Aidan O’Mahony wins Dancing with the Stars

This is the first Irish series of Dancing with the Stars and an average of 590,000 people tuned in each week up to the final. O’Mahony came into the competition as the underdog and slowly crept his way up the scoreboard and the judges’ expectations. She scored perfect marks for her three routines tonight with her partner Ryan McShane. And, sure, if you have the backing of the GAA community, anything is possible. Their dynamic excels in moments of drama and that is what their show-stopping show dance to Sia’s Chandelier delivered. The show displayed a huge range of skills, with Cronin, Garrihy and McCormack dazzling the most but voting patterns prove that it’s not the talent that gets you far. His first two dances this evening, the American Smooth to My Baby Just Cares for Me by Michael Bublé and the salsa to Pitbull’s Fireball, which had all the fire of the Irish fans at the Euros and all the elegance of the Haka performed by rugby fans at 3am, earned him 25 points each but his his last crusade to Bonnie Tyler’s I Need a Hero landed him his first perfect score of 30 in the competition, proving that in the space of 12 weeks, anyone can learn how to dance. For the last 12 weeks, familiar faces from the football pitch, the commentators’ box, the eye of the storm, Carrigstown, the Irish comedy circuit and, even further afield, from TV3, have danced their hearts out on RTÉ’s Dancing with the Stars every Sunday but former Kerry GAA footballer and garda Aidan O’Mahony and his dance partner Valeria Milova had the combination of the judges’ favour and more importantly the public vote to win the final and take home the glitter ball trophy that looks like a glorified Ferrero Rocher. Cahill, the least rhythmically inclined, shall we say, lasted up until week 10 and while he was adored by his fellow contestants and judges, his longevity, and O’Mahony’s win suggest that voters were here for the football rather than the footwork. Fallen DDO heroes included RTÉ news reporter Teresa Mannion, best known for her “Don’t make unnecessary journeys” plea during 2015’s Storm Desmond, comedian Katherine Lynch, RTÉ sports broadcaster Des “Dancing Dessie” Cahill and former Home Town singer Dayl Cronin. Garrihy and McCormack had been top contenders to win since their first performances, so it’s a huge shock …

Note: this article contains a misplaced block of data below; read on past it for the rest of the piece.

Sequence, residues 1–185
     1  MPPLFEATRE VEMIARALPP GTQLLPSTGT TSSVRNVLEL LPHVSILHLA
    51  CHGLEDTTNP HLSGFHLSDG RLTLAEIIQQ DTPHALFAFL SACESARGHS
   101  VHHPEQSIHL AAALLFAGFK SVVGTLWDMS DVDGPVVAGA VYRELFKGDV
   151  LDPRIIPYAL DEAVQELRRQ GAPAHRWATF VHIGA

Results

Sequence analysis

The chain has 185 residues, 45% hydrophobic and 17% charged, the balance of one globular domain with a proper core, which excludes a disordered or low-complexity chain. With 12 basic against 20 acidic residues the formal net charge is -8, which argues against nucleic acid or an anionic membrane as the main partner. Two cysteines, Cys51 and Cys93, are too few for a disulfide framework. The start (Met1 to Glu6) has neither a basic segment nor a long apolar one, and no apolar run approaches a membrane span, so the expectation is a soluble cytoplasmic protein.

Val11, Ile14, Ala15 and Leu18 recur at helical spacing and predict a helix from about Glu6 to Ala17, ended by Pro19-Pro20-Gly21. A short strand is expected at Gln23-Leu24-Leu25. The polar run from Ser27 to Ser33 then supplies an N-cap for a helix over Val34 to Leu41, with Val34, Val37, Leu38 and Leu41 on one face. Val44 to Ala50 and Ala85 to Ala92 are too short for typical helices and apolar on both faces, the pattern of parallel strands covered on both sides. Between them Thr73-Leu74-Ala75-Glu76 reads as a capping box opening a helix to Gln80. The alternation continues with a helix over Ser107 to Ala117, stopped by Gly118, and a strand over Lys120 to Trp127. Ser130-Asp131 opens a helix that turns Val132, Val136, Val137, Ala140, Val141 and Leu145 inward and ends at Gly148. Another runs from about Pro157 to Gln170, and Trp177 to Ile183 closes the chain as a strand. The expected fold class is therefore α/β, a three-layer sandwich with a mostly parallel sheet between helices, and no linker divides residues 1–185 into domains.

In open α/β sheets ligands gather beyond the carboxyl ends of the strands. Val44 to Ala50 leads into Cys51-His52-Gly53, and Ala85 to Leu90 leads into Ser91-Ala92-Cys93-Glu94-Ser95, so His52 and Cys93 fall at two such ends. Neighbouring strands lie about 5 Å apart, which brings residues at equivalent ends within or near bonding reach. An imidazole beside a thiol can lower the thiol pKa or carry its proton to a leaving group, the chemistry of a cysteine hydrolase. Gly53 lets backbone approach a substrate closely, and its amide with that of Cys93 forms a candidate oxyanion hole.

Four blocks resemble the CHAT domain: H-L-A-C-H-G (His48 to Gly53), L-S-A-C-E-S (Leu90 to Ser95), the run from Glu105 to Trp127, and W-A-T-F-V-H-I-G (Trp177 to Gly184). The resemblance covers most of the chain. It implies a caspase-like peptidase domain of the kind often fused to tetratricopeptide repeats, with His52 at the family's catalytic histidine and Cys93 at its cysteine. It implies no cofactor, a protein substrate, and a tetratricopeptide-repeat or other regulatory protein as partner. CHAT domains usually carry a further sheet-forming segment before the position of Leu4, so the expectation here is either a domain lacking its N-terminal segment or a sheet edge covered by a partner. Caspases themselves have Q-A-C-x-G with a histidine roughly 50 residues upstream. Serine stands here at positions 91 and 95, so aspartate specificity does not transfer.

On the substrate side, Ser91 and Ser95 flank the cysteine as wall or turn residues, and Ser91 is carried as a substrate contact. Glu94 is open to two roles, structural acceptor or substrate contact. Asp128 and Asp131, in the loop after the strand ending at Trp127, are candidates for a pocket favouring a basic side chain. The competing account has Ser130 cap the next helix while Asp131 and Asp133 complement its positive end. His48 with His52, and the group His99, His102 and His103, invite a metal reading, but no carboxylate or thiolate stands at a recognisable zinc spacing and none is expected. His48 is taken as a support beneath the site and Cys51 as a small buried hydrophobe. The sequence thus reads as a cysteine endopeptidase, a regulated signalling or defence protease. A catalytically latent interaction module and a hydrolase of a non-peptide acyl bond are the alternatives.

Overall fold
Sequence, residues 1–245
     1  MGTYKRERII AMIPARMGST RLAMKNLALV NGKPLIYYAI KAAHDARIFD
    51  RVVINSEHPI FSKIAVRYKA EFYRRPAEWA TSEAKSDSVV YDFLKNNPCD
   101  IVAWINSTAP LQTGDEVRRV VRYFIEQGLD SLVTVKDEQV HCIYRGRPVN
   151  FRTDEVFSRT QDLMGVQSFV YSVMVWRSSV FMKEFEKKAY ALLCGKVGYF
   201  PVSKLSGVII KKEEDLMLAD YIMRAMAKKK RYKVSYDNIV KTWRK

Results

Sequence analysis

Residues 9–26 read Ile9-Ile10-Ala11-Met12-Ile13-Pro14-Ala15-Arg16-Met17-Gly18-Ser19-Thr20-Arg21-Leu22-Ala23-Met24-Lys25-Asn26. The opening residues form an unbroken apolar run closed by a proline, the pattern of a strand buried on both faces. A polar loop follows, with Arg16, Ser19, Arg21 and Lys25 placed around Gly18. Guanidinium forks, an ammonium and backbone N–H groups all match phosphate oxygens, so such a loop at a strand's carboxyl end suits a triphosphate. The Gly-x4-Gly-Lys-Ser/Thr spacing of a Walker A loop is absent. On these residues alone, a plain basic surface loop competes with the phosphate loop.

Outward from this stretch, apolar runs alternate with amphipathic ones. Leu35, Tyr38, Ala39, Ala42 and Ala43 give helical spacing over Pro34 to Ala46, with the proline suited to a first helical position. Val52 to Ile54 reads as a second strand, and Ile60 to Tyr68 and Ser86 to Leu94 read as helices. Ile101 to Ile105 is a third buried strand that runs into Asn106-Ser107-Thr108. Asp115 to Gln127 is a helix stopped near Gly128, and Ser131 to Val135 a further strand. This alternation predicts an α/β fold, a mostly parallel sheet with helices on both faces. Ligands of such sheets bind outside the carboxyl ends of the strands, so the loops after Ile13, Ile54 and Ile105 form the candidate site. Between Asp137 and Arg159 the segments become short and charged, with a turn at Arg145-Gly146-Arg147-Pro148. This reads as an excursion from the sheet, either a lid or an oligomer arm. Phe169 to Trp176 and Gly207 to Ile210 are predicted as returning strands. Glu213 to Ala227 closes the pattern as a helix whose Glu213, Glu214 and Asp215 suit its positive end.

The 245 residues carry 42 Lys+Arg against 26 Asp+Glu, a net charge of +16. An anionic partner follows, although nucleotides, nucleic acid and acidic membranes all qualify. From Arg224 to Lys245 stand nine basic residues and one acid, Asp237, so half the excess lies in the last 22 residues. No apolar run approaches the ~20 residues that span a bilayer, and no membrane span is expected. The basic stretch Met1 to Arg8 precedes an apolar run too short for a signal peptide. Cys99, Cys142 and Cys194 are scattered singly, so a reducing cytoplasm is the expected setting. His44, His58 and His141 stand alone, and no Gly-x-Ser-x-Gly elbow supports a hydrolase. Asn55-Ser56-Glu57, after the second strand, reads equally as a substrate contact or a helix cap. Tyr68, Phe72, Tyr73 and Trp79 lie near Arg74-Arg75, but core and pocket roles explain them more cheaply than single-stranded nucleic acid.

Dancing with the Stars final: who’s got the edge for the last tango?

However, since the birth of his daughter at the start of the month, the GAA star has loosened up his hips and has had an extra spring in his step, shocking the judges to their very core on the realisation that the marionette has cut his strings and can dance. ADVERTISEMENT Denise McCormack Denise McCormack could well take the top prize Occupation: Actress (Love/Hate, Red Rock) Age: 41 Odds to win: 7/2 (Paddy Power) Signature move: Tears on the Dance Floor Denise McCormack has been a contender to win since her first tango. Even though she is second overall on the scoreboard, her first perfect score came along in week 10 when she danced the Charleston like she was entertaining the Great Gatsby himself – one of her finest moments on DWTS. His swan song will be to Bonnie Tyler’s I Need a Hero and if he pulls this off, well, there won’t be a cow milked in Kerry until the May bank holiday. For the last 12 weeks, it has been easy to mistake him as part of the impressive Ardmore Studios set. McCormack has been consistently brilliant and no one deserves a place in the final more than she does. It’s been neck and neck with McCormack and Garrihy all along but for McCormack to win, she’ll have to dig into the mindset of Love/Hate’s Linda and unleash the samba within to conquer all. Like Denise McCormack, Garrihy’s acting skills play a huge role in how she delivers her routine every week but she has a natural flair that makes it all look so easy: see week four’s rumba to Falling Slowly for reference. Remarkable. If she doesn’t win, at least she’s created a fine portfolio for herself to launch her acting career even further. For one minute and a half, we had two Beyoncés in the world. And, sure, isn’t it all about the experience? She is in a class of her own and even in the weeks when the judges didn’t cut her any slack (they’re cruel to the most talented, you see), she was still one of the best. The competition really lies between Garrihy and McCormack so Sunday night’s final will be a Battle of the Blondes featuring Yer Man. Occupation: Garda Síochána, former Gaelic footballer Age: 36 Odds to win: 13/8 Signature move: Coasting Along For the most part, former Kerry footballer Aidan …